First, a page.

What’s in a Name? The Promise and Peril of Celebrity Partnerships

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Caroline Yeh was at Hall of Flowers in Santa Rosa the day after her brand, TSUMo Snacks, announced a product collaboration with rapper Snoop Dogg. The news broke with a dedicated feature in The Washington Post before a surge of mainstream coverage followed, peaking with segments on The Tonight Show and Late Night with Seth Meyers that night.

A spike in interest in the brand during that twenty-four-hour period led to more than 16,000 inbound requests for unmedicated samples of the brand’s savory chips. “In the year up to that point we had maybe 500 sample requests total,” said Yeh, cofounder of the savory edibles company, which launched in California in 2021. “I was like, ‘Oh shit! Can we actually fulfill that?’”

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Photo: TSUMo Snacks (Snoop Dogg)

This type of blast-off is at the top of the list of benefits that come from working with a celebrity. Leveraging a big name and fanbase to kickstart a new product can be a vital promotional vehicle for marketers with limited options—particularly given how irresistible the combination of cannabis and celebrities is to mainstream media these days.

And yet, for every proponent of celebrity weed, you’ll find at least a couple highly opinionated detractors. Those informed by the legacy era often point to the naiveté of famous people and brands thinking real consumers will pay a premium for their name. Others question the value of superstars’ endorsements for businesses with very few points of sale. It is, without question, one of the industry’s most consistently divisive topics.

Recent news that Sean “Diddy” Combs will enter the market by acquiring some of Cresco Labs’ and Columbia Care’s divested assets in New York, Massachusetts, and Illinois ignited the debate once more, causing the stalwart legacy operators and the shiny CPG careerists to divide themselves into opposing camps on LinkedIn. “Most celebrity weed is grown by less-quality cultivation brands and is for sale at a premium price next to the same-quality product that’s cheaper,” wrote Respect My Region cofounder Mitch Pfeifer in one particularly lively LinkedIn debate. “This doesn’t satisfy what the majority of consumers care for.”

At a moment when shoppers everywhere are factoring value into every purchase, it feels appropriate to question whether true benefit attaches to adding extravagant celebrity endorsements or partnerships to product costs. Do famous people really add value in the eyes of consumers and thus to businesses? If so, do certain traits make one celebrity more valuable than another? And if you really must court a celebrity partnership, how can you minimize risk, maximize value, and give consumers something in exchange for a higher price tag?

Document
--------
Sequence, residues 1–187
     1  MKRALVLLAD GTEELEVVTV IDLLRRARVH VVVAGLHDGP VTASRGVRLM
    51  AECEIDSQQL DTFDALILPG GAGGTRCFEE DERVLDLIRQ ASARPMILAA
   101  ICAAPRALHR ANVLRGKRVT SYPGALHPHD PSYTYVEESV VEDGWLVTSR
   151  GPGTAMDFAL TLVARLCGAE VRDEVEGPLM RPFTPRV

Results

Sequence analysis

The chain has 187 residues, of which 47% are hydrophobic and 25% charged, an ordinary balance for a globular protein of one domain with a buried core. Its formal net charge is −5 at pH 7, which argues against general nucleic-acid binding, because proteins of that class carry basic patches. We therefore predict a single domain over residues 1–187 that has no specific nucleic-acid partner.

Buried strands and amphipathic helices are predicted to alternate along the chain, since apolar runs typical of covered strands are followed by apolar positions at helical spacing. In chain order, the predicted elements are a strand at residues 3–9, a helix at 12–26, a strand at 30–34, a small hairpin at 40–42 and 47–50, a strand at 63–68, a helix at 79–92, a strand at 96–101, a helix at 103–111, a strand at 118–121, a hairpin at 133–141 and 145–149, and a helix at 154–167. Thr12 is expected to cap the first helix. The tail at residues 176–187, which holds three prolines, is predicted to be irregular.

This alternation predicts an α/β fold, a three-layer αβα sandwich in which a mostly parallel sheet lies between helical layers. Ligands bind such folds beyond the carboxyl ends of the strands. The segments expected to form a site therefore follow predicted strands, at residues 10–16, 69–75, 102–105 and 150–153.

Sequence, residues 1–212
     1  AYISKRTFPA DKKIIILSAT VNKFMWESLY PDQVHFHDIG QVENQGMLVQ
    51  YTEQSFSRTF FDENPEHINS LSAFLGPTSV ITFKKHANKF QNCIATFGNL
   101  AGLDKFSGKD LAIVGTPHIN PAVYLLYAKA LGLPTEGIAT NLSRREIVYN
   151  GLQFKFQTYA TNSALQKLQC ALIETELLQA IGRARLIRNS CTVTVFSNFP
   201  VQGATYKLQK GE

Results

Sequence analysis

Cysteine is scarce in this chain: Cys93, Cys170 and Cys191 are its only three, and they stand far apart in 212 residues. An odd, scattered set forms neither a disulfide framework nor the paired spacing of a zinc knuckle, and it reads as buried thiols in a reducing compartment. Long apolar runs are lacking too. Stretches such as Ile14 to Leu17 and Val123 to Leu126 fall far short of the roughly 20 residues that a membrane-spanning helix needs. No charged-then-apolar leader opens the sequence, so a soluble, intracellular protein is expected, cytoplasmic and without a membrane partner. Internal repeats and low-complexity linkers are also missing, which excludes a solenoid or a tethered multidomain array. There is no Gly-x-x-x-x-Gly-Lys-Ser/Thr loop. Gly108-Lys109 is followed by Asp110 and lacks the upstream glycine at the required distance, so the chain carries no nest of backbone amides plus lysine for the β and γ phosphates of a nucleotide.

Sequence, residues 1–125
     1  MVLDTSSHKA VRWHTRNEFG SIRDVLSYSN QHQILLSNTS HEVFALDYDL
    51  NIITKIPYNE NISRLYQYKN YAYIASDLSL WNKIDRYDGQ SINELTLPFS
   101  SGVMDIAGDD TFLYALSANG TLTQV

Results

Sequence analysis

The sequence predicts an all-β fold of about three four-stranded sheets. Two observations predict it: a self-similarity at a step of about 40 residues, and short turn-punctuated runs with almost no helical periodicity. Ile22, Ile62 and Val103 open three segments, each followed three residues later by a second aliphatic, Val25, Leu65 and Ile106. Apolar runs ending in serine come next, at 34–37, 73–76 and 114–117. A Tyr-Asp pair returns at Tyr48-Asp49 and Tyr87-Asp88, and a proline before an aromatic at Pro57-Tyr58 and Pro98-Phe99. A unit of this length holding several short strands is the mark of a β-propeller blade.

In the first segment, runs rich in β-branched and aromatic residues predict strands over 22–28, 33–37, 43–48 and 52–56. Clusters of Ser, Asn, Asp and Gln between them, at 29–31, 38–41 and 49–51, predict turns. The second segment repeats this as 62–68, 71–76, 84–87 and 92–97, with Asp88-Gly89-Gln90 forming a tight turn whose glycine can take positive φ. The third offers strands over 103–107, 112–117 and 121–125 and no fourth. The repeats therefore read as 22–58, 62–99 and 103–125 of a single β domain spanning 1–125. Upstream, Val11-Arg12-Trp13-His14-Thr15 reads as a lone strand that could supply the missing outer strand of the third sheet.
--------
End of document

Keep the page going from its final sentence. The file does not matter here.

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Photo: Josh Sep Photography / mg Magazine (B-Real)

Figureheads and spokespeople

When most people think of a celebrity-brand partnership, they imagine the celebrity as the face of the brand. Whether this is through an endorsement/royalty deal or an equity stake in the company, the celebrity uses their name to drive awareness about the product in exchange for a direct payment or upside.

There’s been a considerable amount of this sort of relationship in the industry so far. Legions of big names have thrown their hat into the ring, from Justin Bieber’s collaboration with Peaches to Travis Scott and Connected’s collaboration, Whoopi Goldberg’s new endeavor Emma & Clyde, and Jay-Z and The Parent Company’s Monogram.

Rama Mayo, cofounder of creative agency and shared space Green Street, was an early pioneer of the cannabis brand-celebrity partnership. In 2013, Mayo worked a deal between G-Pen and Snoop Dogg to create a signature dry-herb vaporizer. Given the unrestricted global sales reach of hardware, the novelty of a celebrity weed product, and the professionalism of Dogg’s team, the launch was a success from a sales perspective. Mayo subsequently worked on projects with Post Malone, The Game, 2 Chainz, Cypress Hill, and Wiz Khalifa. He learned a lot about the potential and pitfalls.

“There’s so much talk in the industry about how celebrity brands don’t work, but they can work if you know what you’re doing,” said Mayo, who also is a cofounder of the trade show Hall of Flowers. “From what I’ve seen, cannabis brands don’t understand what it takes to sign the artist, nor do they understand what the artist is actually going to do to help the business.”